Creatures… that are born pregnant; with twenty different sexes; that eat their own children; that can survive without water for a quarter of a billion years. Absurd? not at all?
These are creatures alive on planet Earth. And they show us just how different alien life could be from anything we know.
What does a Martian Look Like? The Science of Extraterrestrial Life (also known in other editions as Evolving the Alien) sets out to do something seemingly impossible: to scientifically describe something we have never seen. The question it asks is what we can know about extraterrestrial life. Of course, we have never found any of that. And yet, Jack Cohen and Ian Stewart also argue against imagining it will be just like life on Earth. Continue reading →
When we think of evolution, guided by natural selection, we tend to think it leads to “better” organisms. And in some sense, it often does. Forget the idea of a ladder where you always get “higher” organisms as you go up. It’s way more complicated than that. But even putting that aside, even if we just consider organisms adapting to new environments rather than becoming “better”, it seems natural selection guides things in a purposeful direction.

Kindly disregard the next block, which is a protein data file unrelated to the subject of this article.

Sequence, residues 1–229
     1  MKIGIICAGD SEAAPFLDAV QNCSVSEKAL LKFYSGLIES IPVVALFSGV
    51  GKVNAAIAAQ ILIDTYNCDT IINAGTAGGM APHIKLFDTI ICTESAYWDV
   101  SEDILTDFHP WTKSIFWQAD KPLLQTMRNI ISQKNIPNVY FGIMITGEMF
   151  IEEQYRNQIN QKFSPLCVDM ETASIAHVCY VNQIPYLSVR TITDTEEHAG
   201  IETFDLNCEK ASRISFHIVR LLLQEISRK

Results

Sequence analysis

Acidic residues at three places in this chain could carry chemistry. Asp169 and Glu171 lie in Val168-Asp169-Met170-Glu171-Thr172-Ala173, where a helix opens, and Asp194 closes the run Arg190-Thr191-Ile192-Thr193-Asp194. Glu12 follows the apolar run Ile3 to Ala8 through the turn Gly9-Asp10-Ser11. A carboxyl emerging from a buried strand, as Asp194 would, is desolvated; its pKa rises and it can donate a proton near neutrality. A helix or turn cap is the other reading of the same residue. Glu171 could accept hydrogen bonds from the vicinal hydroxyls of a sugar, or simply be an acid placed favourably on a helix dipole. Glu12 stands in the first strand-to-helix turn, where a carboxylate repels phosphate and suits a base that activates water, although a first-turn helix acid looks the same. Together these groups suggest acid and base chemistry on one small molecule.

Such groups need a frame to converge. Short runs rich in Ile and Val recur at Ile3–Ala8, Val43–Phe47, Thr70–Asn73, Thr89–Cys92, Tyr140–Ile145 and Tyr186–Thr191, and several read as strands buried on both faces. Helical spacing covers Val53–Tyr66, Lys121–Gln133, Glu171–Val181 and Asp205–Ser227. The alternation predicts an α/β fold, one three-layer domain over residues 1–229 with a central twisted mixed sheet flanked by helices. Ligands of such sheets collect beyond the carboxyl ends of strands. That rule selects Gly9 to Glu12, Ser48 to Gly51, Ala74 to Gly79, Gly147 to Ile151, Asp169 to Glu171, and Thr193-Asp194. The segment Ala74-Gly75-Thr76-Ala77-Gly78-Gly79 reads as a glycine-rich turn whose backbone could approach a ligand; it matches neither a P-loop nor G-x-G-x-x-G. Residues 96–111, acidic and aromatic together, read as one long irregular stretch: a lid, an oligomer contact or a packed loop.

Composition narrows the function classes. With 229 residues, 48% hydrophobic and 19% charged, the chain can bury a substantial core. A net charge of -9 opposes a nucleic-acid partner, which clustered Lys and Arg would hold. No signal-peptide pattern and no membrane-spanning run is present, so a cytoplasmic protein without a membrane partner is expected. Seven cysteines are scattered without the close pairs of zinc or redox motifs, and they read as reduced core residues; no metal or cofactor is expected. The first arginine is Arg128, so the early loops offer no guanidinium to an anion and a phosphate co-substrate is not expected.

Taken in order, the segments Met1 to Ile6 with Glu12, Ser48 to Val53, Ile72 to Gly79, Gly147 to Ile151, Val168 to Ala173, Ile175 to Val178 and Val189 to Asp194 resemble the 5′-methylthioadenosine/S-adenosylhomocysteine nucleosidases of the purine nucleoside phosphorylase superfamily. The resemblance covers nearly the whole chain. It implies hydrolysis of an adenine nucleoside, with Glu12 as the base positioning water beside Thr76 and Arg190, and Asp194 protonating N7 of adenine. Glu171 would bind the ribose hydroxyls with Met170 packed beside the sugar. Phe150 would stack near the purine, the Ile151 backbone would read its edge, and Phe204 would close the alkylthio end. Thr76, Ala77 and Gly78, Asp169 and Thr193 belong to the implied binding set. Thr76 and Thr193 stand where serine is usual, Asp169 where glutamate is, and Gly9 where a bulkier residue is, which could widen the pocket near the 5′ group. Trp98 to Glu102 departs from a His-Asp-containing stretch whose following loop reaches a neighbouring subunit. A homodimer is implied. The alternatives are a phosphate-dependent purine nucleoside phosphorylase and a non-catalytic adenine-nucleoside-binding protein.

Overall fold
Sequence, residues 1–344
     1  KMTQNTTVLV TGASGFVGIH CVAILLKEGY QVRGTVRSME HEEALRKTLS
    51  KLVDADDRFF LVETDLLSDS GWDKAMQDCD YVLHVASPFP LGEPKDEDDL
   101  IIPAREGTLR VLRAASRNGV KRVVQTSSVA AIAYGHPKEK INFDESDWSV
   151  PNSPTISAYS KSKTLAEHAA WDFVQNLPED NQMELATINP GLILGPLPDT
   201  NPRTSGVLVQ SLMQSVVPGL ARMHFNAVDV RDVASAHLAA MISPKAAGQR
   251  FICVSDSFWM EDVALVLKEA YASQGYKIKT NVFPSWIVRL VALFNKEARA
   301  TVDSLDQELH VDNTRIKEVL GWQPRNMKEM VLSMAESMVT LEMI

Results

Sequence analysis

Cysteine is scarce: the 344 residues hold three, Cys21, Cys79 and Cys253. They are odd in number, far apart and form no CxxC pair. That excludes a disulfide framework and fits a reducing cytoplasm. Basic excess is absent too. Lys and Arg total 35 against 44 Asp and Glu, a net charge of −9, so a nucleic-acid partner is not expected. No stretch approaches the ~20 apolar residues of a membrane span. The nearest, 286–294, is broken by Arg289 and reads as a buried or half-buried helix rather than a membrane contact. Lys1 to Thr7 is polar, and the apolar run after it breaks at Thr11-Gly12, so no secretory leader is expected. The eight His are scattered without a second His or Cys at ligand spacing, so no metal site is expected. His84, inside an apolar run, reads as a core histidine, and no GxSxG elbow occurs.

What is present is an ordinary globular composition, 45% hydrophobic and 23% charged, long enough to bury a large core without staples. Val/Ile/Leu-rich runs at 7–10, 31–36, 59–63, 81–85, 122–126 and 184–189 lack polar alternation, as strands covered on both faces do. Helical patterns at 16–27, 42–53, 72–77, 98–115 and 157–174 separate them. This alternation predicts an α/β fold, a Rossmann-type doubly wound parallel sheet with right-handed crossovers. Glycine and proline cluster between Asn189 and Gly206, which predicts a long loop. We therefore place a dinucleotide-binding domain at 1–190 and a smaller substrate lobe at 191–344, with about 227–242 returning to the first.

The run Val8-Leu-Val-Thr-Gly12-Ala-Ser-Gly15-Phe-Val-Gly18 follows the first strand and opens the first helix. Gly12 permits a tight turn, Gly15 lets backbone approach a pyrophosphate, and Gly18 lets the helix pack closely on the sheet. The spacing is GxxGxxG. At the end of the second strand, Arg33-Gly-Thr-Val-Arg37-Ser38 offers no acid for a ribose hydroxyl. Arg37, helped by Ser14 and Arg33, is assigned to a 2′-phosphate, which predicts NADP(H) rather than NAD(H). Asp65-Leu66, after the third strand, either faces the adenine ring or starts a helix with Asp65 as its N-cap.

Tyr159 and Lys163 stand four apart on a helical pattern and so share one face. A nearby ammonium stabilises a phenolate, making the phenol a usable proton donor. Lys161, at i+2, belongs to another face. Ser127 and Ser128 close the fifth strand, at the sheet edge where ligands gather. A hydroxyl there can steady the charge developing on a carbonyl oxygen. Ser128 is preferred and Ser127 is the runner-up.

That does happen, but it’s easy to get the wrong impression. If you look at some feature of an organism that’s well adapted to its environment, like a monkey’s hands and tail used for climbing or a flower’s colours that attract insects, you’ll get an explanation like this: In these circumstances, it was useful for the species to have that trait, so natural selection favoured that trait and the species developed in that direction. Those who had the trait could outcompete those who didn’t, so they had more descendants, and so natural selection gave the species that trait.
It seems like this is the very basis of evolution by natural selection. Well, kind of. But it’s oversimplified. The problem is that it often leads to the reasoning “If trait A is good for survival and its alternative trait B is not, then natural selection must end up choosing trait B.” But if you ask real evolutionary biologists, there are a number of ways in which it does the opposite, and those make perfect sense once you look at the details too… Continue reading →
Consider the woven integrated complexity of a living cell after 3.8 billion years of evolution. Is it more awesome to suppose that a transcendent God fashioned the cell at a stroke, or to realize the truth: the living cell evolved with no Creator, no Almighty Hand, but arose on its own, created by the evolving biosphere? The truth is much more magnificent, much more worthy of awe and wonder, than our ancient creation myths.
Reinventing the Sacred proposes a new understanding of a natural divinity based on an emerging, scientifically based world view. Complexity theorist Stuart Kauffman does not propose somehow to insert “god” into a cold, lifeless universe. Instead he argues that the qualities of divinity that we hold sacred — creativity, meaning, purposeful action — are in fact properties of the universe that can be investigated scientifically. (…)